Budget Balance: State Rankings

March 29, 2016 |

In Brief: 

One indicator of a fiscally sustainable government is that it maintains a generally balanced or positive ratio of revenues to expenses or “budget balance”. This article explores the relative performance of the 50 U.S. states according to their budget balance ratio.

Introduction: Why We Measure

Across the United States, governments in severe fiscal distress have consumed our collective national attention. Citizens in Stockton, Detroit, and Puerto Rico are facing the consequences of fiscal short-sightedness: increased taxes, cuts to public services, or unfulfilled promises to public employees. But often, public officials, journalists, researchers, and citizens lack the data and practices to identify fiscal challenges in advance of severe distress.

To combat the challenges of access to, and understanding of, fiscal sustainability data, US Common Sense has created the nation’s largest comprehensive and free municipal finance platform on GovRank.org. The platform includes “top-line” financial figures, understandable measures of fiscal sustainability, and interactive rankings for over 13,000 municipalities nationwide.

In this article, we examine state performance according to one aspect of fiscal sustainability: how well a government balances its budget. For a full explanation of our data collection, analysis, and methodology, please refer to the GovRank project’s Methodology article.

Overview: Fiscal Sustainability and Budget Balance

A government is fiscally sustainable if it can meet the service needs of its current population without jeopardizing its ability to meet the service needs of its future population. We selected a set of three measures to help citizens understand fiscal sustainability: a budget balance ratio, asset flexibility ratio, and pension funding for public employees ratio. A fiscally sustainable government would maintain a generally balanced or positive budget balance ratio, a positive and relatively high net asset ratio, and a low per capita unfunded liability associated with retired public employees’ pension benefits.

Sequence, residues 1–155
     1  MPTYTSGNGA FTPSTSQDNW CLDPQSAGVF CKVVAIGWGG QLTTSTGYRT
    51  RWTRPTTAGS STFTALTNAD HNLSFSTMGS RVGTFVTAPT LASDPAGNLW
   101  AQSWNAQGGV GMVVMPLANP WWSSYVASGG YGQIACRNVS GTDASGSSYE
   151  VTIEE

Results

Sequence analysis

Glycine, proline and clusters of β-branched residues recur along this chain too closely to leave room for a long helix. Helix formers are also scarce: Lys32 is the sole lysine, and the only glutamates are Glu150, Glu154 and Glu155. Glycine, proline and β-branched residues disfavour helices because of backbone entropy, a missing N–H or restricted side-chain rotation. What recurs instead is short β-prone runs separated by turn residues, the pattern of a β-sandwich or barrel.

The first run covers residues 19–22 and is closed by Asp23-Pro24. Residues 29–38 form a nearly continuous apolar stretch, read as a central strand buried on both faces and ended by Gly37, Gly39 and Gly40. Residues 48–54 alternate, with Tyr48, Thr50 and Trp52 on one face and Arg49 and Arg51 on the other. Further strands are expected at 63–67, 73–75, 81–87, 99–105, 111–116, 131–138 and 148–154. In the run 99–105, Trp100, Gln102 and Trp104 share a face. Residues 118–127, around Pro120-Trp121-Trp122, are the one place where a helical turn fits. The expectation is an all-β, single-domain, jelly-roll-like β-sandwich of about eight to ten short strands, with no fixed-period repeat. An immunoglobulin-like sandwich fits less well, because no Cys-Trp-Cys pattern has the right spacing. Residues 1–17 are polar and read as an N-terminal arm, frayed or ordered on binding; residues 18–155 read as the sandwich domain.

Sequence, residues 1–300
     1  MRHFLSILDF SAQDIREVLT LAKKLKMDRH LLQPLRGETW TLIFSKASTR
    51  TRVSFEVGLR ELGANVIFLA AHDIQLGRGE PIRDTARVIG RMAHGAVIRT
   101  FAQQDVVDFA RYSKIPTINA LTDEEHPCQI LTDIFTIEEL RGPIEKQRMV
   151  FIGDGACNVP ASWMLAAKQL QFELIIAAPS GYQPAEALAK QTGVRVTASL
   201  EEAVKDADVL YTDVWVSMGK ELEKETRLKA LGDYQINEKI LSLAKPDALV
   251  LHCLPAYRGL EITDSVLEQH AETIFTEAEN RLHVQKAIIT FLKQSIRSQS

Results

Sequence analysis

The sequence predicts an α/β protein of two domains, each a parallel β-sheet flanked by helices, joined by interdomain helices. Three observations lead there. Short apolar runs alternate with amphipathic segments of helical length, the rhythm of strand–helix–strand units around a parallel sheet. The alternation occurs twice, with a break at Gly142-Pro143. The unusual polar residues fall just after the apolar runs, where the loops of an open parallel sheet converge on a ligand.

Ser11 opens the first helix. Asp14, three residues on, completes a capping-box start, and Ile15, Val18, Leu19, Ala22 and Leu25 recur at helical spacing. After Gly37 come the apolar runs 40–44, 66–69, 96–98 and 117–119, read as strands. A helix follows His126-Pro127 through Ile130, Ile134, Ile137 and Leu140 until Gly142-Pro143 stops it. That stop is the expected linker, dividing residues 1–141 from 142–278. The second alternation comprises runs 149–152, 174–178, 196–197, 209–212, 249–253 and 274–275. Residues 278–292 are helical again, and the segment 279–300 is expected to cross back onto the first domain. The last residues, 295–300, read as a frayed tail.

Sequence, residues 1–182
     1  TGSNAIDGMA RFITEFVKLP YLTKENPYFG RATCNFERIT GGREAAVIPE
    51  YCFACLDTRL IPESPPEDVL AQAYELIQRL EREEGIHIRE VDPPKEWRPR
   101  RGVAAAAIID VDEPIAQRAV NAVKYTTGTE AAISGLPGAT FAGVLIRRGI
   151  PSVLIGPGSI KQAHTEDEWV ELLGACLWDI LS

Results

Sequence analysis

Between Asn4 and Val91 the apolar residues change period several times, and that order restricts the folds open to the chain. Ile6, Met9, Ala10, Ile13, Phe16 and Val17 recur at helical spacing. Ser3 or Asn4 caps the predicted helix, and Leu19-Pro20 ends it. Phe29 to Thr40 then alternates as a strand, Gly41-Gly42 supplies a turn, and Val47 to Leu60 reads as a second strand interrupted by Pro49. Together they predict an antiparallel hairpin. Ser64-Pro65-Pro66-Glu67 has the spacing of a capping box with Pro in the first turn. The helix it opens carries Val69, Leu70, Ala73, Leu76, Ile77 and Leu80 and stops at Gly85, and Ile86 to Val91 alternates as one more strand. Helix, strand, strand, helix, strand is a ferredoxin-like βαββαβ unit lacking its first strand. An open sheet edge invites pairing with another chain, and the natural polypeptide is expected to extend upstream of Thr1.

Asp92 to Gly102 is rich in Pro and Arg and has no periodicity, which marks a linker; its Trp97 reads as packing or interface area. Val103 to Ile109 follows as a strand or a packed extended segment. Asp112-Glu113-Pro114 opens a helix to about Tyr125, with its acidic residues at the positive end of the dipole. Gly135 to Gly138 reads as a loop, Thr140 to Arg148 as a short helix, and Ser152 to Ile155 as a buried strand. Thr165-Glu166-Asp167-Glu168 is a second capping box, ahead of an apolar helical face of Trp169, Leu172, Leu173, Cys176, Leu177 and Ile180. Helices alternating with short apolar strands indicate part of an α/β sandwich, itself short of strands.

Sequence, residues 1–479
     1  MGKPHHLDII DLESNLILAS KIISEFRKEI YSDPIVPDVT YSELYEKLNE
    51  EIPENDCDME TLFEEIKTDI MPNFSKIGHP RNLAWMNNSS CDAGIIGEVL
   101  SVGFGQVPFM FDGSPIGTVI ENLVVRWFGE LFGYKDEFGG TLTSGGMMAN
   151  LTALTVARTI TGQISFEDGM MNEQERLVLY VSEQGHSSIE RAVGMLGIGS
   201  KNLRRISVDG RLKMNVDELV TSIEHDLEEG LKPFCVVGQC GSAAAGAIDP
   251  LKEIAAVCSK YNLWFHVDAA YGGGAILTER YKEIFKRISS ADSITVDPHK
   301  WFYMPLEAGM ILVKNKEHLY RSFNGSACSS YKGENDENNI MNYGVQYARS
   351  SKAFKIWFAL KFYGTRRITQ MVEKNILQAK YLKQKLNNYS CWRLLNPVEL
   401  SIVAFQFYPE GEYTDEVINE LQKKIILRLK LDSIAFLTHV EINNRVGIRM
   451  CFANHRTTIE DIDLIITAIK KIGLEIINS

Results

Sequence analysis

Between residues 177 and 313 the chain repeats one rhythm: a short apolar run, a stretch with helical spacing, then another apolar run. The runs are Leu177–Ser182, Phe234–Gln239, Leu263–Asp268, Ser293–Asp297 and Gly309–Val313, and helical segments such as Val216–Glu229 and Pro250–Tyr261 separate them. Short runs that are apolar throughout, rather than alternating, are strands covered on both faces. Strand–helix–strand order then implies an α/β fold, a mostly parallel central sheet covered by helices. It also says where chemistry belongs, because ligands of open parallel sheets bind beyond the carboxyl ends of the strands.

Budget balance is the ratio of a government’s total revenues to its total expenses in any given year. The budget balance ratio illustrates whether a government operated in surplus, balance, or deficit in a given fiscal year.

Budget Balance = Total Revenues/Total Expenses

  • Total revenues include all the income a government generated in a fiscal year, as reported in its comprehensive annual financial report (CAFR). The total amount includes tax collections, fees and charges for services, transfers from other governments, and other revenue sources.
  • Total expenses include all the costs a government paid in a year, as reported in its CAFR. These typically include costs for general operations, personnel, infrastructure spending, and services that may include corrections, education, healthcare, and others. Total expenses do not include the cost of public employee retirement benefits. These are reported elsewhere in a CAFR.

Interpretation:              

  • When the budget balance is greater than 1 (total revenues > total expenses), the government has a surplus, with a larger value indicating a greater surplus.
  • When the budget balance is equal to 1, the government broke even (total revenues = total expenses).
  • When the budget balance is less than 1, the government operated in deficit (total revenues < total expenses), with a smaller value indicating a greater deficit.

Budget Balance Ranking: To rank budget balance performance, we calculated the average of a government’s annual budget balance ratios from 2009-2014. The percentile rank for each government is based on the average budget balance ratio.

By their nature, percentile ranks are a relative measure of performance. A city government that ranks in the 98th percentile for budget balance performed better than 98% of the city governments in our sample. A higher percentile rank indicates better performance relative to the sample.

Example: If a city had $1,000,000 in total revenues and $900,000 in total expenses in a given year, then its budget balance was 1.11 ($1,000,000/$900,000). The result tells us that total revenues were 11% greater than total expenses, meaning the city had a budget surplus.